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IMAGES

  1. Solving Rational Inequalities Worksheet

    problem solving rational inequality

  2. 9. Solving Rational Inequalities Example 2

    problem solving rational inequality

  3. 8. Solving Rational Inequalities Example 1

    problem solving rational inequality

  4. Solving Rational Inequalities

    problem solving rational inequality

  5. Solving Rational Inequalities Worksheet

    problem solving rational inequality

  6. Rational Inequalities

    problem solving rational inequality

VIDEO

  1. Rational Inequality

  2. Week 8, Problem 16 from week 7

  3. Solving Rational Inequality Part 1

  4. Solve rational inequality by factoring and using test points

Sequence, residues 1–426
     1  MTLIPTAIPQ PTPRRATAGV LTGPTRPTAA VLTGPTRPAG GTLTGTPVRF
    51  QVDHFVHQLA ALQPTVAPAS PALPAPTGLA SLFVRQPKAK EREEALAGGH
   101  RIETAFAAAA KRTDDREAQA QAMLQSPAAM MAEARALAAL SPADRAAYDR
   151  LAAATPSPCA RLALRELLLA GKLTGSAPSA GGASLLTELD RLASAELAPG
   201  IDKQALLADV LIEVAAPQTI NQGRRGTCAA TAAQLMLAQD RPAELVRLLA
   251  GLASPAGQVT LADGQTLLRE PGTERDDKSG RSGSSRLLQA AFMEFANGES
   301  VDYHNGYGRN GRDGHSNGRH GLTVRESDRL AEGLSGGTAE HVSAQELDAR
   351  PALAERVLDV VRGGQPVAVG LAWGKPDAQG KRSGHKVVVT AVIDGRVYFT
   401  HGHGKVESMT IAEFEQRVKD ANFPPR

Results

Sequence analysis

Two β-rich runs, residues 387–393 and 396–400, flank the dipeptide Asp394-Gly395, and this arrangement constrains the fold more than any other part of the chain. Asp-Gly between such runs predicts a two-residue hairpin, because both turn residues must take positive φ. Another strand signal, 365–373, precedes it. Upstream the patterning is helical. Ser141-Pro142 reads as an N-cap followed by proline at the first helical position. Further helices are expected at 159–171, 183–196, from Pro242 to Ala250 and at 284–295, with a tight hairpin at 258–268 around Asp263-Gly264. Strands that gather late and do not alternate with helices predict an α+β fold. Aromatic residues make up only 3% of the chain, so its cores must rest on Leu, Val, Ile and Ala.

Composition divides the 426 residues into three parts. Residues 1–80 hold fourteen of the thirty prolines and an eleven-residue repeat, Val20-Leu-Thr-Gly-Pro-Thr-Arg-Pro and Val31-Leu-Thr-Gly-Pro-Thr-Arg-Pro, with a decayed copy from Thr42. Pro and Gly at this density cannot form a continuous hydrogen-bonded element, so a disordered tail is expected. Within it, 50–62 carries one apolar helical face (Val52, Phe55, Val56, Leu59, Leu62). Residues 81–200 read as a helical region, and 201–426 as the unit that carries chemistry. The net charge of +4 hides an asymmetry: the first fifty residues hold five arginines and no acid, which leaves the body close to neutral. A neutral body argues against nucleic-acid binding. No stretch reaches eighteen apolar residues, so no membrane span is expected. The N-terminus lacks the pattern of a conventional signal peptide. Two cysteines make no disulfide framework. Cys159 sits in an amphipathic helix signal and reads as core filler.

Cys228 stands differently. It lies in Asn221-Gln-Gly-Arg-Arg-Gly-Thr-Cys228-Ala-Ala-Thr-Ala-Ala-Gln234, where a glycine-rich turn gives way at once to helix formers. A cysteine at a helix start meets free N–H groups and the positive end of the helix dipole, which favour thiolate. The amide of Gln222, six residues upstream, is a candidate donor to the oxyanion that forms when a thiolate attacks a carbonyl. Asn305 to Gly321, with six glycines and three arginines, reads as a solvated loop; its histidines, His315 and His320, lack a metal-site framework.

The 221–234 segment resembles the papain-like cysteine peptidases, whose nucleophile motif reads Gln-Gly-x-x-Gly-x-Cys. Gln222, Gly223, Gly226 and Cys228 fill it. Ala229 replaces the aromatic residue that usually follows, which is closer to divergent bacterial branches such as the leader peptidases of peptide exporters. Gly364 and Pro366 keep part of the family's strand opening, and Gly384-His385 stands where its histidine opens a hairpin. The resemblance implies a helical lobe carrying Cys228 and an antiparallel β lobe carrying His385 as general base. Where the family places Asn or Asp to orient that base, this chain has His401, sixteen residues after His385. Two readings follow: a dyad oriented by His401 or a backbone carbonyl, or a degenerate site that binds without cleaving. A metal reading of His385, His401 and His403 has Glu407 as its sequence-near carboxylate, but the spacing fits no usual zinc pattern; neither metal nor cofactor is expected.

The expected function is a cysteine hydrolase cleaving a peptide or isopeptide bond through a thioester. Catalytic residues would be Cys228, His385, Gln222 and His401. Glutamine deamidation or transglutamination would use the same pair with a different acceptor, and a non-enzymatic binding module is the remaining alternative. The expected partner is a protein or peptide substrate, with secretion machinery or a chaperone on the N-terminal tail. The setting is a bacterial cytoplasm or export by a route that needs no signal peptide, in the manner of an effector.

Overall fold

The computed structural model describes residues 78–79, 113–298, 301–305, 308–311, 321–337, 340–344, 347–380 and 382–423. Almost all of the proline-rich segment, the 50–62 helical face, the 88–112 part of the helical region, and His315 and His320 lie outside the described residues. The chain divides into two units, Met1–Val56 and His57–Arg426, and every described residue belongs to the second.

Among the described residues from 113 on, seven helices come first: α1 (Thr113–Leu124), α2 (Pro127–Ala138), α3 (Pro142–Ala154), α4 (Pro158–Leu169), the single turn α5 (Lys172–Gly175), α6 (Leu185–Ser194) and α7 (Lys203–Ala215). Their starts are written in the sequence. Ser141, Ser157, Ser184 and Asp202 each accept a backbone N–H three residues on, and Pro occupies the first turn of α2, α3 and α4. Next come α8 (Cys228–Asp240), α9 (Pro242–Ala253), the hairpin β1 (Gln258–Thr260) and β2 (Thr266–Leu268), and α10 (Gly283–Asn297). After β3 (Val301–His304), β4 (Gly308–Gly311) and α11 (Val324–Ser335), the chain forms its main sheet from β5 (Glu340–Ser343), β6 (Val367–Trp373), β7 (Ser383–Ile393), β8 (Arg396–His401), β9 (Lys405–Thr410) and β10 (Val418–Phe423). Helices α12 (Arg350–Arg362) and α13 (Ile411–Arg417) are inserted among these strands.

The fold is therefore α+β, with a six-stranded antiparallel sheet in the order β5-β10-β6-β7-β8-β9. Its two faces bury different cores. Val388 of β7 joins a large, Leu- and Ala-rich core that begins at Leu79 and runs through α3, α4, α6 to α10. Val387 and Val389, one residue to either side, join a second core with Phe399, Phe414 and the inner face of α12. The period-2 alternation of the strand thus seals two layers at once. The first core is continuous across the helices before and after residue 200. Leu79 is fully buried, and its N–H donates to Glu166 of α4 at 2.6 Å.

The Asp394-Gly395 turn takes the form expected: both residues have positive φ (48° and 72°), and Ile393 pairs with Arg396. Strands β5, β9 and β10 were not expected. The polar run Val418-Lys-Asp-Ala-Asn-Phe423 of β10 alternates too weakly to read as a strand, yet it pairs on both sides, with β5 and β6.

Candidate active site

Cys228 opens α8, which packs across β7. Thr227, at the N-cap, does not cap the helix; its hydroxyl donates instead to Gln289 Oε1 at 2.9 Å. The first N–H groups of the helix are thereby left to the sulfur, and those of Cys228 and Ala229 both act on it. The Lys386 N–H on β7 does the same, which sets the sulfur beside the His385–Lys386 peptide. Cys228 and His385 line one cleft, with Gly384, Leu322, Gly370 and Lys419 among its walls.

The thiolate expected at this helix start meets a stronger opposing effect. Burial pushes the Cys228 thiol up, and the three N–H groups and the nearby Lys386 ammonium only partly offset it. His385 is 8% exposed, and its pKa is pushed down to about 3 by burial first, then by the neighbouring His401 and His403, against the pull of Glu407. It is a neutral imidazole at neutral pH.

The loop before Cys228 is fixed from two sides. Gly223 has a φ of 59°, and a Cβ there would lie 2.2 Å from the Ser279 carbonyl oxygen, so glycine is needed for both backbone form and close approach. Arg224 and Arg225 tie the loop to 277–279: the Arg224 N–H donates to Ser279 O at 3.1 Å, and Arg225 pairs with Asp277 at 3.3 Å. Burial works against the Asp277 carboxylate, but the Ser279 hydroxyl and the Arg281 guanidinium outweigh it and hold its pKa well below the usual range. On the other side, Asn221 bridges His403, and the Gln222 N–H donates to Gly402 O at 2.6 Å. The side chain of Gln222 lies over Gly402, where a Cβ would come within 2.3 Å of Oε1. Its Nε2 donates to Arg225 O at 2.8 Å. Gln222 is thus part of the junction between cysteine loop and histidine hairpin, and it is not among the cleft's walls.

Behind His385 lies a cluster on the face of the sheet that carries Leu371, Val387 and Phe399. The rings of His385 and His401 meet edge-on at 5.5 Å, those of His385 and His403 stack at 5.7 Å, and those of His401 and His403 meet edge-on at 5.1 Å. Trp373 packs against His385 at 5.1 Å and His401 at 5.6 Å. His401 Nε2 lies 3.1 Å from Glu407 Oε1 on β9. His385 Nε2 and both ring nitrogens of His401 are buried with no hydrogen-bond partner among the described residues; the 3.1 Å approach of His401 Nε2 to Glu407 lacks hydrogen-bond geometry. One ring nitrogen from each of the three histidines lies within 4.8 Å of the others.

5. Solving Rational Inequality Part 2

  6. Solving Rationals (Part 1)

COMMENTS

  1. 9.7: Solve Rational Inequalities

    9.7: Solve Rational Inequalities Expand/collapse global location

  2. Algebra

    Here is a set of practice problems to accompany the Rational Inequalities section of the Solving Equations and Inequalities chapter of the notes for Paul Dawkins Algebra course at Lamar University.

  3. Rational inequalities: one side is zero (video)

    Alex Tamulis 11 years ago Your example looks like a rational equation, Sal has 3 videos on this topic (they are called solving rational equations). I solved your equation and you have to find a common denominator first, which is 21. Then you multiply 7 (x+1) + 3 (x+2), all that over 21, which equals 2.

  4. Solving Rational Inequalities

    The key approach in solving rational inequalities relies on finding the critical values of the rational expression which divide the number line into distinct open intervals. The critical values are simply the zeros of both the numerator and the denominator.

  5. Solving Rational Inequalities